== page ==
Using Twitter timelines volunteered by a panel of users, Freelon is trying to clarify certain areas that blend everyday life with politics. Broadening the umbrella that the word “political” encompasses will enrich the data that are currently preliminary.
“Sports,” for example, avoids being flagged as political. Colin Kaepernick kneeling during the national anthem, though, should be flagged as political. But what if the reader only reads about Kaepernick to know about the game?
“Most information consumed is not political, and very few people consume a lot of political information,” Freelon explains.
Good data takes time. As researchers ask questions about the upcoming midterms, studies on the 2020 elections continue to be conducted and published. To know how different social pressures may affect an outcome, the election has to happen before questions can be asked or papers can be written.
CITAP continues to keep their hands full, though.
One of McGregor’s studies gathered and analyzed over 250,000 tweets to assess the role of gender and power dynamics during elections. When women run against men, for example, the female candidate is talked about more and replied to more — but she has less power to control the conversation.
Additionally, McGregor is working on a study categorizing the types of political Facebook ads run by Donald Trump and Joe Biden during the 2020 election. She frames the analysis not on if the ad attacks the opponent, but rather on who the ad appeals to.
Categorizing ads by their demographic appeal provides more data points than attack ad or not attack ad. The more data collected, the more McGregor can explain complications and nuances not shown by the oversimplifications.
Kreiss researches how private, for-profit platforms affect the political landscape. “Public awareness of this is increasing,” he says, but awareness and action function separately.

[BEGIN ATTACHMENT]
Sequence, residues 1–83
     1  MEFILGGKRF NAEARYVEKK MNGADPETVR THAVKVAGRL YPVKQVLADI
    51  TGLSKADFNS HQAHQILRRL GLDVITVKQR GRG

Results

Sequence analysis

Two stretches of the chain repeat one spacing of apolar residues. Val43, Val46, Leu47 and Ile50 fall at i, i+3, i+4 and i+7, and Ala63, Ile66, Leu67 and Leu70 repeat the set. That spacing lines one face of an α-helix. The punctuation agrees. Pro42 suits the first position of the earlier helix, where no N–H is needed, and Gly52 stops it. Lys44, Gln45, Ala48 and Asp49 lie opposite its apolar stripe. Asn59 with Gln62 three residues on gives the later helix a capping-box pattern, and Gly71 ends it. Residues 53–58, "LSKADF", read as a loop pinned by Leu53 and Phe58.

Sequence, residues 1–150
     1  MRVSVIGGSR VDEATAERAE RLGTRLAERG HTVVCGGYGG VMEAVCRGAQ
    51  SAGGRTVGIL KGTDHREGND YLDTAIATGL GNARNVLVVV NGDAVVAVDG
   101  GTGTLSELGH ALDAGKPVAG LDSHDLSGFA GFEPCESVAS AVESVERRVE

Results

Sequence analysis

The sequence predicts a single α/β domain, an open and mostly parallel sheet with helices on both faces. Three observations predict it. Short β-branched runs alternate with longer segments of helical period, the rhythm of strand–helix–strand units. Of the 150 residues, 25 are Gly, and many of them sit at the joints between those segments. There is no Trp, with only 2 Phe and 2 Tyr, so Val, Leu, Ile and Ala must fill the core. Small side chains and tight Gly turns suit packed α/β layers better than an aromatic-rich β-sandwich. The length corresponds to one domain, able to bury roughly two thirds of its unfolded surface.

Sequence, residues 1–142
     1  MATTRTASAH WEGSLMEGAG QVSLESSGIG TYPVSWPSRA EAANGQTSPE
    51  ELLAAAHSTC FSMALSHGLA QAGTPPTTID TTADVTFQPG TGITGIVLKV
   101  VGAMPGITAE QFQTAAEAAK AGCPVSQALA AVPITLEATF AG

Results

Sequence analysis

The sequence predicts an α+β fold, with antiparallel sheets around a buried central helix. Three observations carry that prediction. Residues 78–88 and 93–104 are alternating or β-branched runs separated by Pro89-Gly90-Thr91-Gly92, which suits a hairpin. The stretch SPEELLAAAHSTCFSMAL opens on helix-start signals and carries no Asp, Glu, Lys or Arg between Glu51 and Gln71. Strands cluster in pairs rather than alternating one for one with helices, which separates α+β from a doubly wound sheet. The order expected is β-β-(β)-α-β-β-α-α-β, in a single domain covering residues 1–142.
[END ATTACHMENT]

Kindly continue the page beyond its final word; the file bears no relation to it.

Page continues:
Following the 2016 presidential election, Kreiss and his colleagues compiled data and information on political advertising on U.S. internet platforms. After looking at blogs, posts, policies, and the terms of service of different platforms, they published a report to summarize the findings. In nine pages, the report is a crash course on understanding paid political speech to help the public understand what is going on and journalists to better cover the topic.
These reports are now a large element of CITAP’s publications. Kreiss is updating the report published in 2020. He is including any changes in content moderation and looking into how platforms deal with the mess of mis- and dis-information.
Midterms will soon pass, ballots will be counted, and people may or may not trust the results. For now, we only have data from the past to speculate about the future, but our political sphere continues to rapidly change with advancements in technology.
For journalists to effectively cover politics, and for the public to effectively inform themselves, the research at CITAP is vital. Their analysis of trends and the effects of technology on the political sphere translate what we observe into digestible data.
Shannon McGregor is a senior researcher with the Center for Information, Technology, and Public Life and an assistant professor within the UNC Hussman School of Journalism and Media.
Daniel Kreiss is a principal researcher at the Center for Information, Technology, and Public Life. He is also the Edgar Thomas Cato Distinguished Professor within the UNC Hussman School of Journalism and Media and an adjunct associate professor in the Department of Communication within the UNC College of Arts & Sciences.
Deen Freelon is a principal researcher at the Center for Information, Technology, and Public Life and an associate professor within the UNC Hussman School of Journalism and Media.